Subdmind Freediving Gear

So what’s the bottom line?

You can’t really affect the pH of your blood by changing your diet, but you can minimise the acid load that the kidneys and the lungs have to deal with and provide the body with the “base-load” that it needs to neutralise the acids in your diet and those that you produce by breath-holding and exercise. This has got to be a good thing, particularly if you’re training every day. All these processes require energy and create oxidative stress in the cells. Minimising the work your body has to do in dealing with these things will, in theory at least, help your training. As far as a single breath-hold goes, there’s some evidence that alkaline supplements can help to reduce the acidosis involved, but we should bear in mind that

  • too much alkalosis is a bad thing for a freediver because it reduces the effect of the Bohr shift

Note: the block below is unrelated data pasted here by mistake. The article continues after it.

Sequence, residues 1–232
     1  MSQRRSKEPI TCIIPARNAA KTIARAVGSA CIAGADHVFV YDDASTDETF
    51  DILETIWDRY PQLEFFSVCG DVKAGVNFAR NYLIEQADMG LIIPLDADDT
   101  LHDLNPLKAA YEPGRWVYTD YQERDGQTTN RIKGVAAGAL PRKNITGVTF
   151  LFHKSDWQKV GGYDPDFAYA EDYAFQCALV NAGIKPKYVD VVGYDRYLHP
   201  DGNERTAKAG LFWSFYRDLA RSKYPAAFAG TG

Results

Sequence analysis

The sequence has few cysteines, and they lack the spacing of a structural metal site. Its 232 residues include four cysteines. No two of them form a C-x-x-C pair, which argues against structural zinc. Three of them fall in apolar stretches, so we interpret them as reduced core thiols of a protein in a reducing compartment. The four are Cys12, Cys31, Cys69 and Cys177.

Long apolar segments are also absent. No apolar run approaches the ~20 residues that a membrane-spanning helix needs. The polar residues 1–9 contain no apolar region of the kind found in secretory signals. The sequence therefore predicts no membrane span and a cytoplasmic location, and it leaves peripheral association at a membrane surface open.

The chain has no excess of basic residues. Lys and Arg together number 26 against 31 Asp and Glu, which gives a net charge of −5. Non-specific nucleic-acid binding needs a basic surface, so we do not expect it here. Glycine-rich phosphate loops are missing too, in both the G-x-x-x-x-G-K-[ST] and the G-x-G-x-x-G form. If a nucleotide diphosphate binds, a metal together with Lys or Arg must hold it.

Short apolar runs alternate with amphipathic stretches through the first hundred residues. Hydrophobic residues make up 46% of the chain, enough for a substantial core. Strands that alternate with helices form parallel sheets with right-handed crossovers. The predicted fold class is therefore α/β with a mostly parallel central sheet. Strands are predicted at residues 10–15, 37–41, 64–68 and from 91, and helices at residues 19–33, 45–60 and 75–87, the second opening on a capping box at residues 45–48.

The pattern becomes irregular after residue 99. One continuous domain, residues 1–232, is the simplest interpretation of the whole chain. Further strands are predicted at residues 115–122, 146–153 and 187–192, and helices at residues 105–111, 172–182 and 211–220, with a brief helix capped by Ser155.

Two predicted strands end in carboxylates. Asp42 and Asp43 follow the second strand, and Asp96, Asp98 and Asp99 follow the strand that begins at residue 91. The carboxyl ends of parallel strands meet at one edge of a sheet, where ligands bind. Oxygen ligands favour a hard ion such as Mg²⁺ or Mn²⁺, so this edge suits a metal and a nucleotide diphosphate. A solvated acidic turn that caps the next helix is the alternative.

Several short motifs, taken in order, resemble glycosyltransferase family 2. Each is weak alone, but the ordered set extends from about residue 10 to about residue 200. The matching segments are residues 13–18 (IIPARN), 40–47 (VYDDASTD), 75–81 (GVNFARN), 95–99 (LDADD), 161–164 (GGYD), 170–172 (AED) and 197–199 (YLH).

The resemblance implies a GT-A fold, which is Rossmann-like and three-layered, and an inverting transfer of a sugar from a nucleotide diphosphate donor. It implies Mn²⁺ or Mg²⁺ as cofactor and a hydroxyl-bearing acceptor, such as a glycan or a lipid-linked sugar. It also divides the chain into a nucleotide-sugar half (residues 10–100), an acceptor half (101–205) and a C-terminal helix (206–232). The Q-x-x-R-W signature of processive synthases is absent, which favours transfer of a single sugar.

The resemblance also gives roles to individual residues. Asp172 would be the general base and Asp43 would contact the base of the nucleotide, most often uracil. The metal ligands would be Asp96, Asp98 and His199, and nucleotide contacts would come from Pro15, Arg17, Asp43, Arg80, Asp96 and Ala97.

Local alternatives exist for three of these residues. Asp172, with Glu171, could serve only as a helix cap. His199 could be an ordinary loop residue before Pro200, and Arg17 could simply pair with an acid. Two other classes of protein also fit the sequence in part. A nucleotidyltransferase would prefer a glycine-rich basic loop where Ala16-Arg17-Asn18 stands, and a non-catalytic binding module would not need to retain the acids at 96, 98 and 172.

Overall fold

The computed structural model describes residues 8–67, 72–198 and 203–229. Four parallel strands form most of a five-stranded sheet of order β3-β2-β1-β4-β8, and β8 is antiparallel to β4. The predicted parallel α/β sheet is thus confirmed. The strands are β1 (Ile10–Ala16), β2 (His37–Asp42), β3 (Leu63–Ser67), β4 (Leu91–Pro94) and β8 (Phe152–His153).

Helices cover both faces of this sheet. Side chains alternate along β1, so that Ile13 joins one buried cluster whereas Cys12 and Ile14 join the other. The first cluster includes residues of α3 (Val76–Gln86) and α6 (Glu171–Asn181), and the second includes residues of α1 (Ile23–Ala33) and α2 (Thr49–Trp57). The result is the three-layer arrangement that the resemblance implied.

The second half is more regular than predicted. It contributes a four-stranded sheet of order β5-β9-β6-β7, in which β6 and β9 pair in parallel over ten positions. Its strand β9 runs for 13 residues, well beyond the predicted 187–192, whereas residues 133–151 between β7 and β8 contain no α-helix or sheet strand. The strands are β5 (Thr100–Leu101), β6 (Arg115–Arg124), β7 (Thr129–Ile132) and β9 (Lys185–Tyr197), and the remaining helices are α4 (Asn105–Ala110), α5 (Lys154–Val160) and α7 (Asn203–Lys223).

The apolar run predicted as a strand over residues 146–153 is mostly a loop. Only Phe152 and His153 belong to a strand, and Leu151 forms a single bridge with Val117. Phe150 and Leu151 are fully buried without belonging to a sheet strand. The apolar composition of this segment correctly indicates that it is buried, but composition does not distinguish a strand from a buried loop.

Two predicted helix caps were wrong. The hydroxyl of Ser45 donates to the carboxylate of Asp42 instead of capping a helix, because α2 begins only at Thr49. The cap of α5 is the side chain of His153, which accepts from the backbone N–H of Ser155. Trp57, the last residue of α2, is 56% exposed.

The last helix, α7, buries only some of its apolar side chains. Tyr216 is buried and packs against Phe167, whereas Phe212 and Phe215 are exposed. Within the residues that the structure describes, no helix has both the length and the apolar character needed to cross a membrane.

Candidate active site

• it’s actually not possible to push up the pH of the blood very far with your diet anyway and
  • even if you’ve got extra bicarbonate available for a single breath-hold, all it can do is turn some hydrogen ions into CO2 which has nowhere to go... because you’re holding your breath.

 In summary, alkalinisation is probably a good thing in the long run in keeping your body healthy under heavy training, but won’t have a huge effect on a single breath-hold. Got a question for Dr Otter? She’s on the case. Post a comment below or email us at info@freedive-earth.com. References: Schwalfenberg GK. The alkaline diet: is there evidence that an alkaline pH diet benefits health? J Environ Public Health. 2012; 2012:727630. Epub 2011 Oct 12.  Webster MJ, Webster MN, Crawford RE, Gladden LB. Effect of sodium bicarbonate ingestion on exhaustive resistance exercise performance. Medicine and Science in Sports and Exercise. 1993;25(8):960–965.   Catch you next time! Dr Otter